“Rejoicing in hope; patient in tribulation; continuing instant in prayer; ” —Romans 12:12
The Greek word is said to have the signification of “always applying strength in prayer,” or continuing with all your might in prayer. Our prayer is to be full of strength; “blessed is the man whose strength is in thee.” Master Brooks saith that the Word is a metaphor taken from hunting dogs, which will never give up the game till they have got it. A hunting dog when in pursuit of its victim works itself into full motion, using every limb and muscle to follow as fast as possible…. Prayer as a mere form is but a mockery; prayer in a languid, halfhearted manner may be more dishonoring to God than honoring to him; we ourselves may be rather injured by lukewarm prayer than benefited by it. Prevalent prayer is frequently spoken of in Scripture as an agony “striving together with me in your prayers.” We frequently speak of it as “wrestling,” and we do well, for so it is. In wrestling a man hath all his mind as well as all his body occupied with the desire to overthrow his antagonist…. We are exhorted to “knock,” and as our model we are directed to him who at midnight aroused his slumbering friend. We are exhorted to be importunate, like the widow with the unjust judge. We are to pray as if all depended upon our praying; though after all that praying is in itself an effect of a cause which has existed long before. We are to be as importunate as if God were unwilling, and to plead as earnestly as if he did not already know far better than we do what things we have need of. Earnestness must be present in all our prayers or they will return to us unanswered: this is reasonable enough. Shall God be expected to give to us that which we do not value? If we do not value the blessing sufficiently to be eager in seeking it, is it not right that he should withhold it until we are in a better mind? Are we to worship God with a divided reverence?… Children of God, you must cry mightily unto the Lord, and pour out your hearts like water before him, and then will he have regard unto the voice of your cry, and it shall be unto you even according to your desire. Instancy in prayer is needful; we must be fervent or burning, or we shall not prevail.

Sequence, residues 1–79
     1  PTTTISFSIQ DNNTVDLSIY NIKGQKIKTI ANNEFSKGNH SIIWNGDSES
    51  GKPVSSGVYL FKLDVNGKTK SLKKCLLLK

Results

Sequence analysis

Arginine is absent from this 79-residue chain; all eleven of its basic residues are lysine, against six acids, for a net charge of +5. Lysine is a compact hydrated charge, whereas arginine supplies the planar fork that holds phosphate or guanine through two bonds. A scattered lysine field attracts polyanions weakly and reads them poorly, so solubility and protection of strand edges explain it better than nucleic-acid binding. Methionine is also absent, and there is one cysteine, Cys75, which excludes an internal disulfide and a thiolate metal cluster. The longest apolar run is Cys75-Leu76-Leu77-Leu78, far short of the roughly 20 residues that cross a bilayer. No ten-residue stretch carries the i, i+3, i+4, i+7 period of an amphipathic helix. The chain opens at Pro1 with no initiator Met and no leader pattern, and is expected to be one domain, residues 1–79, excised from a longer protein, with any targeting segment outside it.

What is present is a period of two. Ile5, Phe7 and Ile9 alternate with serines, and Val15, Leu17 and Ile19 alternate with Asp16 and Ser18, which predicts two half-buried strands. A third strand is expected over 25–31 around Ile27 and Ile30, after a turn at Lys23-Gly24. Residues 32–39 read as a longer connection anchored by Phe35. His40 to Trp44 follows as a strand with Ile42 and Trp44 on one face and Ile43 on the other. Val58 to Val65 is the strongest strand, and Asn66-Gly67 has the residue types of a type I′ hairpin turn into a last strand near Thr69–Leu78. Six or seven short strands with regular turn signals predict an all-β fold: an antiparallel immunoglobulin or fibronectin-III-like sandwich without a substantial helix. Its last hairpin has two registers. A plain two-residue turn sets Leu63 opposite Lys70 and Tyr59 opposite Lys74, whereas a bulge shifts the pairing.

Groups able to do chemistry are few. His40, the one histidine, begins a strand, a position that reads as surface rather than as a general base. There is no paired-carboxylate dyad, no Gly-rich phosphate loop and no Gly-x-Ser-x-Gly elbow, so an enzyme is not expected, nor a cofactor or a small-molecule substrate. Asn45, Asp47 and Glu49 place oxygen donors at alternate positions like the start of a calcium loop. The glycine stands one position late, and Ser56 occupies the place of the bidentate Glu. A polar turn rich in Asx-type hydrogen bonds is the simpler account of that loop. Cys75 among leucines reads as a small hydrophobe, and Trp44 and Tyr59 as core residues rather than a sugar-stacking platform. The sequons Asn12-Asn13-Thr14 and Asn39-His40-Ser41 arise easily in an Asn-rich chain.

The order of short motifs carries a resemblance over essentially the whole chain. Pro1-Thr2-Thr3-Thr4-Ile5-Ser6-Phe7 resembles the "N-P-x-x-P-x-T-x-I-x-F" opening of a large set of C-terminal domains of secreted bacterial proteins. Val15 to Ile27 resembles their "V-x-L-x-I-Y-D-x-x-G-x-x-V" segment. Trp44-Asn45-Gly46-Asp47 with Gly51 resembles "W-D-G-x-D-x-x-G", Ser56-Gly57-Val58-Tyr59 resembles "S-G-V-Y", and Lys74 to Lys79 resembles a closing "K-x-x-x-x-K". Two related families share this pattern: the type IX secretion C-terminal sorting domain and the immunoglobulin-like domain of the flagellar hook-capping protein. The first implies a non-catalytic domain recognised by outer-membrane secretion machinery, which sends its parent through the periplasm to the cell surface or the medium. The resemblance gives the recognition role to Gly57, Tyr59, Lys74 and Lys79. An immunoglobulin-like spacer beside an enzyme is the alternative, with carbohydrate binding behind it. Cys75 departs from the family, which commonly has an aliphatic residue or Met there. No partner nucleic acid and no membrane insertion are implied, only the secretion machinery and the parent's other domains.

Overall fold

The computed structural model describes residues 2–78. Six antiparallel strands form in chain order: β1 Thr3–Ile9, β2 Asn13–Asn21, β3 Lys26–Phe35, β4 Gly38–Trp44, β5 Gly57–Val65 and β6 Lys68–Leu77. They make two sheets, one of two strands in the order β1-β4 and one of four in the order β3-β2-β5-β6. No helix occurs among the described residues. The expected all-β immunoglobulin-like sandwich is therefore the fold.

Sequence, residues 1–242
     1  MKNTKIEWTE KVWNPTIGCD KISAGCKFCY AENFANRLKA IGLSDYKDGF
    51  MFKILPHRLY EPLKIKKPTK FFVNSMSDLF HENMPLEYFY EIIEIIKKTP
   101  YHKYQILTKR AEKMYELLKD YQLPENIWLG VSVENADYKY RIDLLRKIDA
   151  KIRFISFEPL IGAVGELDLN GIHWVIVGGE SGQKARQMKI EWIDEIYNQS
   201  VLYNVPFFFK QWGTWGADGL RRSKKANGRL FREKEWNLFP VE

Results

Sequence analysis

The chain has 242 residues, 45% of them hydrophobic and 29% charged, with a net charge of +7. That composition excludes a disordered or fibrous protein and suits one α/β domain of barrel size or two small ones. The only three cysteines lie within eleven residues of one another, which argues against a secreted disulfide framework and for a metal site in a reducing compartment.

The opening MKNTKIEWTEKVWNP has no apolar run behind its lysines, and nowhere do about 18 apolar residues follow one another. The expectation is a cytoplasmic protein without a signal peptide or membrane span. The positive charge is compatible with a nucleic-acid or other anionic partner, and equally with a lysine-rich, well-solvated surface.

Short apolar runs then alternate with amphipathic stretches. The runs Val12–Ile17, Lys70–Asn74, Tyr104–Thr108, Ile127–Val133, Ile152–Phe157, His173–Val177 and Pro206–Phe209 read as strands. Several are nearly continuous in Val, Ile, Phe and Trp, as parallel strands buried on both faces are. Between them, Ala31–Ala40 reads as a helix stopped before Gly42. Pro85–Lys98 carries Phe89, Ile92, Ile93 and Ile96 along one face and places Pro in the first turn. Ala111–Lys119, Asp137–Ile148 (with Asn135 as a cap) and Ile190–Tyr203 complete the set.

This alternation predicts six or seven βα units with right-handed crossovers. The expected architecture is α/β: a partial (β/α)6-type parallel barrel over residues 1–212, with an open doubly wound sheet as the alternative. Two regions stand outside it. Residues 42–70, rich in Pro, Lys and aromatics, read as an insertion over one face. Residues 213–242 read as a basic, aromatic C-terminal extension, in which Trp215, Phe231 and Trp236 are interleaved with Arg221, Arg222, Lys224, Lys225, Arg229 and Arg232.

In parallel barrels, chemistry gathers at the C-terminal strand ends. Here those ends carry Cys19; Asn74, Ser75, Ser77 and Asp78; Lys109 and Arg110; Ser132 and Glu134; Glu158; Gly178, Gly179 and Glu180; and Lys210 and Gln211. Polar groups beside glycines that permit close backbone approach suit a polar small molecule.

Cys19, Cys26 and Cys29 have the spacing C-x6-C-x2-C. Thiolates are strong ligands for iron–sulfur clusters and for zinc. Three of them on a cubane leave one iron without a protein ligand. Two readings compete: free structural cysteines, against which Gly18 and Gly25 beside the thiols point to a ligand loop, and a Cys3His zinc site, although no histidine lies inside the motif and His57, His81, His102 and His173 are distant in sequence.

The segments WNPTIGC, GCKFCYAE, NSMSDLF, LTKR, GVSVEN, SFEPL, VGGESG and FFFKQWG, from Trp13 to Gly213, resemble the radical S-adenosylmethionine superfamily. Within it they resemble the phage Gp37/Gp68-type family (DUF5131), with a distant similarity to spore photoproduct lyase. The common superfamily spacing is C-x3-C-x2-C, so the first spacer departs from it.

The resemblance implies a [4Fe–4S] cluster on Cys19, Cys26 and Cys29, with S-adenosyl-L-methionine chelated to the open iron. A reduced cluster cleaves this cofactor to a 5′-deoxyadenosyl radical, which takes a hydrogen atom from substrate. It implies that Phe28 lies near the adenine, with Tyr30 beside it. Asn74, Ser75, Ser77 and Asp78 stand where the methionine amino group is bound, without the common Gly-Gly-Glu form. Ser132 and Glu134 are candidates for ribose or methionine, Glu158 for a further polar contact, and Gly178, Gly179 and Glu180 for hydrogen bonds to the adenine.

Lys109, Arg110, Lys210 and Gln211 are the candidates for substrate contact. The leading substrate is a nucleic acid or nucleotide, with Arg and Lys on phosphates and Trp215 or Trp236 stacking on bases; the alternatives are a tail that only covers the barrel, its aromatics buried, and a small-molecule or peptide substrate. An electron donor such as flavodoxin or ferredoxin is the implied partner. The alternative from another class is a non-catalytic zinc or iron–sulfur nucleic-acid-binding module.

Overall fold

Charles H. Spurgeon (1834-1892)
Delivered Sunday Morning, June 22, 1879
at the Metropolitan Tabernacle, Newington
Metropolitan Tabernacle Pulpit, Vol. 25, Sermon No. 1480
“Constant, Instant, Expectant”